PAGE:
Sweden presents its first electric highway trials to operate on public roads. The two-year project aims to reduce pollution and truck energy consumption.
Located at the North of Stockholm, the electric highway system (eHighway) will let electric vehicles operate on public roads.
The eHighway system trial
Sweden’s first electric highway will allow electric trucks to operate along a two-kilometer stretch of freeway. For the test, a pair of electric diesel-electric hybrid freight trucks will be used to transport goods because it is one of the primary means of transporting merchandise all across the country.
According to Anders Berndtsson, chief strategist at the Swedish Transport Administration, the ehighway system will make disappear the dependence of trucks on fossil fuels: “By far the greatest part of the goods transported in Sweden goes on the road, but only a limited part of the goods can be moved to other traffic types. That is why we must free the trucks from their dependence on fossil fuels so that they can be of use also in the future. Electric roads offer this possibility and are an excellent complement to the transport system,” said Berndtsson.
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Composed by electrified cables running overhead, the electric highway will connect electric trucks through power lines. Thus, the two diesel hybrid vehicles will operate under a catenary system.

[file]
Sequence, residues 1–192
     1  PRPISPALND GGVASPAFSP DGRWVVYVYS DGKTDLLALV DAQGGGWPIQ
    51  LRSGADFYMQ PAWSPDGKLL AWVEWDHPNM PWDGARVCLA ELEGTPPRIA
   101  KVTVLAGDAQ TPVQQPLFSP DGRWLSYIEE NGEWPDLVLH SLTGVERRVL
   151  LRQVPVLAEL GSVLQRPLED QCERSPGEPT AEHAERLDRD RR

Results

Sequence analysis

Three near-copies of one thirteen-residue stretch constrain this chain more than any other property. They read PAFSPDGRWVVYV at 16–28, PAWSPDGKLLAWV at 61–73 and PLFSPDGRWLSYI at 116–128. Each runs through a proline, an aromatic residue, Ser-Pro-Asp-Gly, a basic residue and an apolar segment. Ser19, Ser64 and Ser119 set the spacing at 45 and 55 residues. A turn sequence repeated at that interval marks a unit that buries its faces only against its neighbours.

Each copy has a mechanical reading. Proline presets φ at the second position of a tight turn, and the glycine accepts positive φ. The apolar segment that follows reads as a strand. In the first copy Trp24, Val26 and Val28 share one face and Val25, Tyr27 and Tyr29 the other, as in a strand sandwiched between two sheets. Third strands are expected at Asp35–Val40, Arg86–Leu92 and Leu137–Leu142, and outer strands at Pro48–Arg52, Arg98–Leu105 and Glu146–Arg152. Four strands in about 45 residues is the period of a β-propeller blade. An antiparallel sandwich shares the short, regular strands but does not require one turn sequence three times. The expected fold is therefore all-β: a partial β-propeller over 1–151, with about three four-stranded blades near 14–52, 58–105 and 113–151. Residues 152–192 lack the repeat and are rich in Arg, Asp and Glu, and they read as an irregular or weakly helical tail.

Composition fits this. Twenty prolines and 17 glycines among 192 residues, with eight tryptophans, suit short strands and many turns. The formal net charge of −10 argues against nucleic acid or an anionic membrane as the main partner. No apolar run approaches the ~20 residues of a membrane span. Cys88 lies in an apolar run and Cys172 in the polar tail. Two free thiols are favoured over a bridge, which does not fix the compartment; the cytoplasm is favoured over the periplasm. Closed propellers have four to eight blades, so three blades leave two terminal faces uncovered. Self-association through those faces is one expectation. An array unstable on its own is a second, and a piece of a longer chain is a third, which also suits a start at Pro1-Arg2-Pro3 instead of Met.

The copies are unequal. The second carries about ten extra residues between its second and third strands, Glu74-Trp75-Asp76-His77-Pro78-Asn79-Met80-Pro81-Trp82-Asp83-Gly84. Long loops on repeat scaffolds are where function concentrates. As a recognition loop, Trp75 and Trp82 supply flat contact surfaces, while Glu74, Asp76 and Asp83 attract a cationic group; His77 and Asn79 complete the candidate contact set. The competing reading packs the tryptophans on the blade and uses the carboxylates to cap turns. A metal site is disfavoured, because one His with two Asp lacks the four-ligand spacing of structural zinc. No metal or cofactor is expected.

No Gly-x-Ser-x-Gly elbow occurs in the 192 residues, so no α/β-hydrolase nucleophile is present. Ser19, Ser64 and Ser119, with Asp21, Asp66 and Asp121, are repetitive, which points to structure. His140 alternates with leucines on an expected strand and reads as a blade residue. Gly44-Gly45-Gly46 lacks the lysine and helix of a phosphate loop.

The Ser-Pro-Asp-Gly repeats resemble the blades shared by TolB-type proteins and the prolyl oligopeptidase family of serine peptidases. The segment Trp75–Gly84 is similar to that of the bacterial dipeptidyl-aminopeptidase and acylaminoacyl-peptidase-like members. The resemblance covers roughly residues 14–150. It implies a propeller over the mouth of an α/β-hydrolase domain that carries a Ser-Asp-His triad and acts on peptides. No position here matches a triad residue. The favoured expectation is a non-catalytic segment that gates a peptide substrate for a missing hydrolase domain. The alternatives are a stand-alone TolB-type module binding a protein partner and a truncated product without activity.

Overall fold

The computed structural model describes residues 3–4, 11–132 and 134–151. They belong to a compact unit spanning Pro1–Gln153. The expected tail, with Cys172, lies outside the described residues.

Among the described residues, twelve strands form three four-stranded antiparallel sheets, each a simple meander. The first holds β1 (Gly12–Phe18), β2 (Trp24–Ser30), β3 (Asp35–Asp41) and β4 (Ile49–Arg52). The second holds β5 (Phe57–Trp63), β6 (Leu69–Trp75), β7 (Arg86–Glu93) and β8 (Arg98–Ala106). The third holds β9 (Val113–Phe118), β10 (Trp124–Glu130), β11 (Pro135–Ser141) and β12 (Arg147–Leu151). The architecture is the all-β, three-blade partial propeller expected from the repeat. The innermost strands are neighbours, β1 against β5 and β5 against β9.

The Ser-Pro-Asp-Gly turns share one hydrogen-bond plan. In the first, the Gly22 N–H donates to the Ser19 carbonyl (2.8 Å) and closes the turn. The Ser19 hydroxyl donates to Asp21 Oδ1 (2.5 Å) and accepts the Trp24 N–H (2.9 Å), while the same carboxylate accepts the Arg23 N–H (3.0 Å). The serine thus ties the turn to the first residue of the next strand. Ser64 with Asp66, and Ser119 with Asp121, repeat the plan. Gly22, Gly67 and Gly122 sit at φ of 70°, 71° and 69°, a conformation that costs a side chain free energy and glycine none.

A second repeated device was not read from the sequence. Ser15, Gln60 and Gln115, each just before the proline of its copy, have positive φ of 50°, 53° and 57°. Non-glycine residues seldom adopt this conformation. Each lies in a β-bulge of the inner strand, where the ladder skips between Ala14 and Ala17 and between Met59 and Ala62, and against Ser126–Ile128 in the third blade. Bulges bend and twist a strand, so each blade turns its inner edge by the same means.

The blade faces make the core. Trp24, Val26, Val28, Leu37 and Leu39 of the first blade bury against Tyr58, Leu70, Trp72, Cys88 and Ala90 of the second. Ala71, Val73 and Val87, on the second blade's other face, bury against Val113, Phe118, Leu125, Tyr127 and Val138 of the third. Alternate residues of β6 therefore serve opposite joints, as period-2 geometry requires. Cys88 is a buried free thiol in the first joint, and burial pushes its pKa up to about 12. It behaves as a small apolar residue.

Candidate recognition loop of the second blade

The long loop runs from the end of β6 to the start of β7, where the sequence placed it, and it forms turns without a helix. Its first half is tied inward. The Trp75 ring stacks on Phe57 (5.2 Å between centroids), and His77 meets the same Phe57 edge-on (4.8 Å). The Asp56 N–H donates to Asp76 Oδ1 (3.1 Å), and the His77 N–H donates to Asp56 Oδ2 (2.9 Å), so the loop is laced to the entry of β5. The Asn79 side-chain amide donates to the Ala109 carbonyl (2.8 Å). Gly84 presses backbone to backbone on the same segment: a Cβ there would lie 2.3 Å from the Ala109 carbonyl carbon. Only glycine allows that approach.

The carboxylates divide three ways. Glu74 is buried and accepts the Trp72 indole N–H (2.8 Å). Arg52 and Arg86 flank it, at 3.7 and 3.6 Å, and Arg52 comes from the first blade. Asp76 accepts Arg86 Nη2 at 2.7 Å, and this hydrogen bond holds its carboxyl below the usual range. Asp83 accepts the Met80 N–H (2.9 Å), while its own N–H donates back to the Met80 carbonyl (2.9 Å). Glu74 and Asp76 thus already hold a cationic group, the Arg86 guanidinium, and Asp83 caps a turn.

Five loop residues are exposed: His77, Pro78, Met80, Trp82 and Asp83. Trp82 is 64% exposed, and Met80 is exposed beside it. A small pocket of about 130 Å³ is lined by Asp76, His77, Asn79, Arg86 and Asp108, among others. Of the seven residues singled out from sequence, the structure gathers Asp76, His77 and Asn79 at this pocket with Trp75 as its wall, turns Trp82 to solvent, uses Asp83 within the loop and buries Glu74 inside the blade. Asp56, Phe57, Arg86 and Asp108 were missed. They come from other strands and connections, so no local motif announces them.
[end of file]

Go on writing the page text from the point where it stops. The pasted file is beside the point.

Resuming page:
One feature that adds innovation to Sweden’s electric highway is the hybrid technology system. Hybrid trucks have a traditional combustion engine and also an electric power machine. In order to operate on the electric highway, a sensor located above the truck detects available power lines to get connected to the system. Each truck contains a pantograph (also known as a current collector, it is a device mounted on the roof of the truck to collect power through contact with an overhead catenary wire) which can be managed automatically or manually via the driver.
Once connected to the electrified lines, the hybrid trucks can travel about 56 MPH while the vehicle’s battery gets recharged. When coming to the end of the electric highway, the system seamlessly changes from one power source to another.
The pantograph technology has been developed by German technology company, Siemens. The electric highway system feeds 750 volts DC to the pantograph, which emerges from the truck to plug in the road’s power lines.
The project comprises a two-year test to assess the system’s performance while rolling out in roadways with other sorts of vehicles. The test will also compose the system’s assessment while operating under different weather conditions. The eHighway system has been inspired by Sweden’s desire of protecting the environment from fossil fuels pollution.
Source: Hybrid Cars